Millions of people enjoyed Car-Free Sunday across Belgium, including in Brussels which was transformed into the largest zone without polluting vehicles, with a general festival feel spreading across the capital region.
For the 23rd time, Brussels banned cars from its territory for most of the day on Sunday, freeing up space for pedestrians, cyclists, people on rollerblades, children on tricycles and many other "vulnerable" road users to take over the streets and enjoy the capital in a safe, and peaceful way.
Brussels Mobility Minister, Elke Van den Brandt, hailed the 2023 edition of the city’s car-free day as a resounding success, highlighting the undeniable appeal of the city when given over to different transport modes.
Reflecting on Sunday's success the day after, she said: "Our city is designed like a corridor giving access to cars. Brussels must instead become a 'living room' for residents, with public space used for walking and meeting (rather than driving and parking). That's what we are aiming for with our mobility plan."
More than once a year?
Across the entire region, streets, squares and parks were full of people enjoying the day and experiencing the city differently. As every year, the day makes a strong case for reducing the number of cars in the region and demand swelled for other similar days in the year.
A survey published by the Clean Cities campaign last summer already showed that the majority of the region's residents are in favour of increasing the number of days that cars make way for vulnerable road users and that 58% of them are even in favour of one car-free day per week.
Van den Brandt has repeatedly expressed her desire for a Car-Free Sunday each month. The Brussels-Capital Region government was exploring the possibility of doing similar days at other times in the year – possibly even with once a month. But the idea was deemed "too much of a burden on the budget" and eventually dropped.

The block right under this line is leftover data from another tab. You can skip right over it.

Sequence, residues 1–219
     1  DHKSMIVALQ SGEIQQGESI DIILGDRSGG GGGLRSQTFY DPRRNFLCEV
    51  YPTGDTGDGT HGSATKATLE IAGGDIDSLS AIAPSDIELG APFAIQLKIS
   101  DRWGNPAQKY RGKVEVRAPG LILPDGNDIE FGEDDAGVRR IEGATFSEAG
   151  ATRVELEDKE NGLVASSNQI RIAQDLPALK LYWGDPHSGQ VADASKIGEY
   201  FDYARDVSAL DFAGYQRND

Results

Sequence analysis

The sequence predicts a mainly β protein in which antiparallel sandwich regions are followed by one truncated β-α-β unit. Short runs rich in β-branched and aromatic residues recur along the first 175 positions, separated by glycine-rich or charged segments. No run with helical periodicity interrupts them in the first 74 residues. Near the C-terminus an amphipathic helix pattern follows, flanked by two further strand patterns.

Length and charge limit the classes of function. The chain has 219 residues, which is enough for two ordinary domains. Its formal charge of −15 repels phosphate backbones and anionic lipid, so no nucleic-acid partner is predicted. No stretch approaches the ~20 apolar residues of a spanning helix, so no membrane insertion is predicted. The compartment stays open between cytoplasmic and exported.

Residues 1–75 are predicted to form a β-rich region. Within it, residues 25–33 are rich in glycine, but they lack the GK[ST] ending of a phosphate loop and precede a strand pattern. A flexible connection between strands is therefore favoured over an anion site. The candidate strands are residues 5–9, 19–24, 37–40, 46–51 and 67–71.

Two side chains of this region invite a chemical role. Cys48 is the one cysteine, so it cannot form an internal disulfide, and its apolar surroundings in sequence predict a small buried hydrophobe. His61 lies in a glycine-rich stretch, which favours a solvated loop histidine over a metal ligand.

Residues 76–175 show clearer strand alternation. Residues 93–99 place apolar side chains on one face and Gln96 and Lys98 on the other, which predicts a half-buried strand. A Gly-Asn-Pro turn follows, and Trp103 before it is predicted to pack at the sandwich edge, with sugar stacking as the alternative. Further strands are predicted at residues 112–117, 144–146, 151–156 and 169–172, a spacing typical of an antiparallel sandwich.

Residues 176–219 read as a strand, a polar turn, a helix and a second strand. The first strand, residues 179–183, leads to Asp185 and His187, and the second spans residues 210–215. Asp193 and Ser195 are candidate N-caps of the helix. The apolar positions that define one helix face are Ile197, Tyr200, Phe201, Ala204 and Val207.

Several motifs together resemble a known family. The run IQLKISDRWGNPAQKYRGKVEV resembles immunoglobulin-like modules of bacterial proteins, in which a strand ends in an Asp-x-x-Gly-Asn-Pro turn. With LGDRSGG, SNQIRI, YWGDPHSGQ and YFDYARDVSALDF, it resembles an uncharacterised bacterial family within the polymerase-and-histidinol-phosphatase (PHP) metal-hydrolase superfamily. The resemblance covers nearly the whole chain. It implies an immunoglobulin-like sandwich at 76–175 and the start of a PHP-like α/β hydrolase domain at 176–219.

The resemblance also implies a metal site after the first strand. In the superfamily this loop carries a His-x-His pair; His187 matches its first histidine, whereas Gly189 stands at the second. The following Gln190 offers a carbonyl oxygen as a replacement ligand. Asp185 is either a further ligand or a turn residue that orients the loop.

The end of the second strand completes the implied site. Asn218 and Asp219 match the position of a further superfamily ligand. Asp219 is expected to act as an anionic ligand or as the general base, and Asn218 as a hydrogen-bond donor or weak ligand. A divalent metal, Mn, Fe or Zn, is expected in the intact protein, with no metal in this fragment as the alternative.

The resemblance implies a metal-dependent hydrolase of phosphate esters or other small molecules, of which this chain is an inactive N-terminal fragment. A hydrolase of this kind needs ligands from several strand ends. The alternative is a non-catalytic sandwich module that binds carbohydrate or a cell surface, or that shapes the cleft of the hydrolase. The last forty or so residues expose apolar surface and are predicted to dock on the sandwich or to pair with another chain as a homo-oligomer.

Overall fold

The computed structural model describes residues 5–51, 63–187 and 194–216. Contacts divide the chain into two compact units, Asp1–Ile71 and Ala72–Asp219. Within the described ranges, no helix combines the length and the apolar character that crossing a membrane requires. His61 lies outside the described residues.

"We will continue to push for it; I'm still convinced that we need several car-free days. It's important because it's always a day of celebration, public space belongs to everyone, we breathe easier, we see the city differently," she noted last month in a statement to The Brussels Times.
3.6 million people enjoyed the day
A tally on Sunday evening by mobility organisation Mobiel 21 showed that over 3.6 million people were able to enjoy a car-free Sunday in their municipality, of whom 1.2 million were in Brussels.
"A Car-Free Sunday inspires and motivates," said Sanne Vanderstraeten of Mobiel 21. "It gives people a chance to see what is possible when the car no longer dictates the law on the roads. With all the climate targets and renewed focus on people-friendly mobility, Car-Free Sunday is today more relevant than ever."
A total of 48 Flemish municipalities, including 12 of the 13 centre cities, organised a Car-Free Sunday. In the Brussels-Capital Region, all 19 communes took part. Several municipalities put on a special car-free programme featuring a wide range of events for people of all ages. Others organised street parties and brocantes.
However, in Wallonia, barely any cities participated. Only the city of Ath organised a Car-Free Sunday.
On Sunday 24 September, a smaller Car-Free Sunday will be organised in the Antwerp municipality of Ranst, while the West Flemish towns of Poperinge and Oostkamp will organise their own version on Sunday 1 October.